14 4 Lighting c 5 Solar Panel Current Meter Voltage Meter MPPT Buck Converter Voltage Meter Current Meter Electronic Load (constant Current mode) D Fig 8: Experimentally measured (using simulations) c values vs step size in D Dots are the measured values, and the line is a curve fit The step in D is induced by a change in the irradiance, which moves the MPP Here, T was 8 ms and G was Percent Power Loss 5 5 Contin/Discrete P&O P&O w/ Forced Osc Fig 9: Percent power loss for the different algorithms with P n = 65x 4 V under test with a kw (electric) array of halogen lamps, which were powered from a DC power supply to avoid the optical power ripple of AC-powered lights Table II lists the equipment used for testing Prior to each measurement we ensured that the panel had reached steady-state temperature, in order to minimize any temperature-related errors in our measurements As an additional precaution, we also performed a full I-V sweep before and after each MPPT measurement, to ensure that the panel characteristics were the same for the IV-sweeps and the MPPT evaluation Note that the conventional method to capture the I-V characteristics of a solar panel (flash testing) could not be employed here, since the MPPT converter needs continuous light input to the panel to operate correctly Fig : Experimental Setup To avoid ripple in the light output the lighting was powered from a DC supply TABLE II: Equipment used for testing Voltage Meters Current Meters Electronic Load HP/Agilent 344A HP/Agilent 344A HP 66B The IV curve of the panel was measured as follows The MPPT buck converter was disconnected, and the electronic load (HP 66B) was connected directly to the panel Then, the load was varied under computer control To provide more precise readings than are available from the electronic load, measurements of panel voltage and current were recorded from high-accuracy multimeters (HP 344A), which were controlled from the same computer as the electronic load to ensure correct coordination between electronic load steps and measurement sample times The panel characteristic is shown in Fig ; a curve fit to this data was used in the analysis Note that the curve in this figure is fairly pointed at the MPP This is likely due to the lighting on the panel not being perfectly uniform A more in-depth discussion of this effect can be found in [3] The actual panel voltage and current seen by the MPPT buck converter in testing was slightly different from the IV sweep data, likely as a result of the resistance of some of the connections The result was that the IV curve fit had to be shifted to match up with the testing data, and this can be seen in Fig Then the MPPT buck converter was run in the setup shown in Fig for various parameter settings For these tests the electronic load was put in constant-current mode at 5 amps The converter used simple Perturb and Observe, multiplying the output voltage and current of the converter (electronic load side) to get the power measurement for tracking Various D values and number of samples of the output voltage were used while the number of samples of the output current remained constant at For each test the converter was started at the MPP and run for 5 changes in duty cycle After each change in duty cycle, allowing ms for the system to completely settle, the input and output voltage and current, along with duty cycle, were recorded before moving to the next duty cycle value The microcontroller doing the MPPT also waited these ms before sampling the output current and voltage

15 5 Power 5 5 DC sweep start DC sweep end 5 5 Current Fig : Power vs Current of solar panel used for testing The two colors represent the sweeps taken at the beginning and end of testing to show the fairly constant panel characteristic over the testing period Panel Voltage Data Original IV curve fit Shifted IV curve fit Panel Current Fig : Shifting the IV curve fit model in order to match up with data from testing The efficiency of the tracking was calculated as Vpanel I panel η tracking =, (5) NP panel max where N = 5 is the number of points where measurements were taken and P panel max = 893 W is the maximum panel power, taken from the curve fit model of the panel In order to calculate the expected efficiency of the system, one needs the variance of the noise in the voltage and current measurements taken by the microcontroller doing the tracking This was done by running the same test as before but with the duty cycle of the converter fixed Then, the variance of the voltage and current measurements taken by the meters was calculated They were, respectively, 98 5 V and V However, these must be scaled, as they were taken with a multimeter with a ms integration time, and the sample rate of the A/D on the microcontroller used was 5 k So, the variance values must be scaled by 5 = 5, yielding variance values of Pn volt = V and Pn curr = V for the voltage and current respectively Then, the variance seen in the power measurement, due to the multiplication of these two values is Pn power = I mpppn volt N V + V mpppn curr N I + Pn voltpn curr N V N I, (5) where N V and N I are the number of samples of the voltage and current the tracker takes Using the curve-fit model of the PV panel and the noise constant given by (5), the method described in II-D was used to calculate the expected efficiency of tracking for the range of D and number of samples of voltage used in the experimental testing The results can be seen in Fig 3 and show good correlation between the experimental and predicted efficiencies, plotted as percent loss One thing to note here is that just using the variance of the noise in the power measurement in the analysis assumes that the noise is Gaussian white noise This may not actually be true, and to be more accurate, one could use the true statistics of the measured noise to do the analysis However, the approximation as Gaussian white noise was shown to be quite accurate These experimental results help confirm that the method described in II-D accurately predicts the efficiency of tracking in the presence of noise In particular, we see that the model accurately captures the influence of the perturbation step size and the number of samples integrated before taking a step, even in the region at the left of Fig 3 where noise has a significant effect and the curves for different numbers of samples diverge Thus, we can confidently use this method in design to maximize accuracy for a given tracking speed VI Conclusion While it is well known that noise hurts the overall performance of MPPT systems, its impact is rarely quantified The analysis in this paper quantifies the effect of noise in degrading the efficiency of several MPPT algorithms, as well as determining how to optimize the system parameters, given the noise This analysis was then backed up by simulations in MATLAB, as well as experiments with solar panels The results of this analysis allowed us to compare the performance of the different algorithms in order to gain an understanding of the trade-offs between the implementations Ultimately, if one optimizes the system, all the algorithms presented can achieve high efficiency, but,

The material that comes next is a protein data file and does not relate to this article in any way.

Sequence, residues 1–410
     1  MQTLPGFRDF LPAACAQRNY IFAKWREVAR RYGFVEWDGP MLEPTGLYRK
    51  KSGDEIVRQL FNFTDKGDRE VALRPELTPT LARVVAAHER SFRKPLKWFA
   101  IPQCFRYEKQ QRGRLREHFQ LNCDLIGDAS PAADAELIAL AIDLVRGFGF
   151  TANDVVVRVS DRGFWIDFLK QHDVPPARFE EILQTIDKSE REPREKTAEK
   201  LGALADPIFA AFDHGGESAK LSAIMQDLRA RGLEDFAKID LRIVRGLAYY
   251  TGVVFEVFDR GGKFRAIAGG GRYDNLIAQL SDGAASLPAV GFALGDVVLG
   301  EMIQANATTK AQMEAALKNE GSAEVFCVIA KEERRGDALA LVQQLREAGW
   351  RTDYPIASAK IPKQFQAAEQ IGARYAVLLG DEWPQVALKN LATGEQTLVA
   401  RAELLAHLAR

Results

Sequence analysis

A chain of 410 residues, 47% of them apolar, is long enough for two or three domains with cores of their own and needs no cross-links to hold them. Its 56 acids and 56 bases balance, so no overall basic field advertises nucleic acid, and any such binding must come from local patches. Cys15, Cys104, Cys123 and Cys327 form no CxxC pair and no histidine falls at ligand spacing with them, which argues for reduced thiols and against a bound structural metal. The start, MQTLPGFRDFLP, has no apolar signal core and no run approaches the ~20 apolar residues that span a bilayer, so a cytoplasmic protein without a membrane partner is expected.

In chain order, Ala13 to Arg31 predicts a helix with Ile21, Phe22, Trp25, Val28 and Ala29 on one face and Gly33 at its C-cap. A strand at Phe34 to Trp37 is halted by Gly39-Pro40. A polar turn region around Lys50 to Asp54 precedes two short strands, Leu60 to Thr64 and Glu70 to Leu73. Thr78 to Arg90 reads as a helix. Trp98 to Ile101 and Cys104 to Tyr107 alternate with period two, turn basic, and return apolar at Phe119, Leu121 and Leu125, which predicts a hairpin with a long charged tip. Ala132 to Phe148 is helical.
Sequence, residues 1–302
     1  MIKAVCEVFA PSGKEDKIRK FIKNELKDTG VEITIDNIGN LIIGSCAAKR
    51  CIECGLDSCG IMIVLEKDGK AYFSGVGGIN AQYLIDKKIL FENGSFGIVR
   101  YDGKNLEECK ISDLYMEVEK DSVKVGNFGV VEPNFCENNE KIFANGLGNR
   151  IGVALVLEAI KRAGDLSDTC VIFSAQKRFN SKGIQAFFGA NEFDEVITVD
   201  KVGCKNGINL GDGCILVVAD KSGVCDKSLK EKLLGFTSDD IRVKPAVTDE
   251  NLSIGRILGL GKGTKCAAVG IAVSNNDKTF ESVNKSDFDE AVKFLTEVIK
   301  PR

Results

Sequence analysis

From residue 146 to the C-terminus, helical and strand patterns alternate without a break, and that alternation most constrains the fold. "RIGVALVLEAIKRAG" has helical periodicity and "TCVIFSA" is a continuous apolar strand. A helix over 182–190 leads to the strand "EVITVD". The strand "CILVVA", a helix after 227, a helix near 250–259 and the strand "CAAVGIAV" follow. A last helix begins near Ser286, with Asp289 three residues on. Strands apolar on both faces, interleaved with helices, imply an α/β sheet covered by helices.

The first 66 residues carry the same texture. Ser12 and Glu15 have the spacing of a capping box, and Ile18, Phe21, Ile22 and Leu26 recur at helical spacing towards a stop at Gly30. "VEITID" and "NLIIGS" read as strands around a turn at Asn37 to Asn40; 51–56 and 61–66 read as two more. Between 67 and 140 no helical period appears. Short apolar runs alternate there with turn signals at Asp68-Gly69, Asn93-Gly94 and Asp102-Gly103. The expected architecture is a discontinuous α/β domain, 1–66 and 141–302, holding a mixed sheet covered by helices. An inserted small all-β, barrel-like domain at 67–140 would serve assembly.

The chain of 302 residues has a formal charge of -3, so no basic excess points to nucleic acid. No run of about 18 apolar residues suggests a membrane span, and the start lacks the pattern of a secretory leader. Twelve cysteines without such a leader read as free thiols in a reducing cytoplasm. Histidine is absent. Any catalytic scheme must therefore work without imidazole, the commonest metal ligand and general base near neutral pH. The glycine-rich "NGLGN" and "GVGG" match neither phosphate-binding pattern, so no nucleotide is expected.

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17 7 [7] [8] [9] [3] [3] [3] IEEE th Workshop on Control and Modeling for Power Electronics (COMPEL), Jun, pp 7 S Kjaer, J Pedersen, and F Blaabjerg, A review of single-phase grid-connected inverters for photovoltaic modules, IEEE Transactions on Industry Applications, vol 4, no 5, pp 9 36, septoct 5 S B Kjaer, Design and control of an inverter for photovoltaic appliacations, PhD dissertation, Inst Energy Technol, Aalborg University, Aalborg East, Denmark, 4/5 N D Benavides and P L Chapman, Modeling the effect of voltage ripple on the power output of photovoltaic modules, IEEE Transactions on Industrial Electronics, vol 55, no 7, Jul 8 C Sullivan, J Awerbuch, and A Latham, Decrease in photovoltaic power output from ripple: Simple general calculation and effect of partial shading, in Applied Power Electronics Conference and Exposition (APEC), Twenty-Sixth Annual IEEE, march, pp A B Carlson, Communication Systems: An Introduction to Signals and Noise in Electrical Communication, 3rd ed McGraw-Hill, 986, pp A V Oppenheim and R W Schafer, Discrete-Time Signal Processing, 3rd ed Pearson,, p 54 Alexander M Latham (M 9) was born in Boston, MA on October 8, 986 He received the AB degree (Summa Cum Laude)at Dartmouth College in 9 He went on to complete BE and MS degrees in electrical engineering at Thayer School of Engineering at Dartmouth, graduating in His research while at Dartmouth focused on the optimization of power electronics and system level algorithms for power extraction from photovoltaics He currently works as a Systems Engineer at Allegro Microsystems in Manchester, NH, developing Halleffect based current and position sensor ASICs Robert Pilawa-Podgurski (S 6, M ) was born in Hedemora, Sweden He received dual BS degrees in physics, electrical engineering and computer science in 5, the MEng degree in electrical engineering and computer science in 7, and the PhD degree in electrical engineering in, all from the Massachusetts Institute of Technology He is currently an Assistant Professor in the Electrical and Computer Engineering Department at the University of Illinois, UrbanaChampaign, and is affiliated with the Power and Energy Systems group He performs research in the area of power electronics His research interests include renewable energy applications, energy harvesting, CMOS power management, and advanced control of power converters KofiOdame(S 6,M 8) received the Cornell International Scholars and Students Award to study at Cornell University, graduating magna cum laude with a BSc in electrical engineering and a minor in computer science in He studied as a Cornell African Development Fellow to receive the MSc in electrical engineering, under Bradley Minch in 4 He then worked in Paul Hasler s lab at the Georgia Institute of Technology, earning the PhD in electrical engineering in 8 Kofi is currently an Assistant Professor of Electrical Engineering at the Thayer School of Engineering at Dartmouth Kofi s primary interest is in analog integrated circuits for nonlinear signal processing This work has applications in low-power electronics for implantable and wearable biomedical devices, as well as in autonomous sensor systems Charles R Sullivan (SM 93 M 96 SM ) received the BS degree in electrical engineering (with highest honors) from Princeton University, Princeton, NJ, in 987 and the PhD degree in electrical engineering from the University of California, Berkeley, in 996 He is now an Associate Professor at Thayer School of Engineering at Dartmouth, Hanover, NH He has worked for Lutron Electronics designing electronic ballasts His research includes work on design optimization of magnetics for high-frequency power conversion, thin-fillm magnetic materials and devices, and photovoltaic applications of power electronics Dr Sullivan has received the National Science Foundation CAREER Award and the Power Electronics Society Prize Paper Award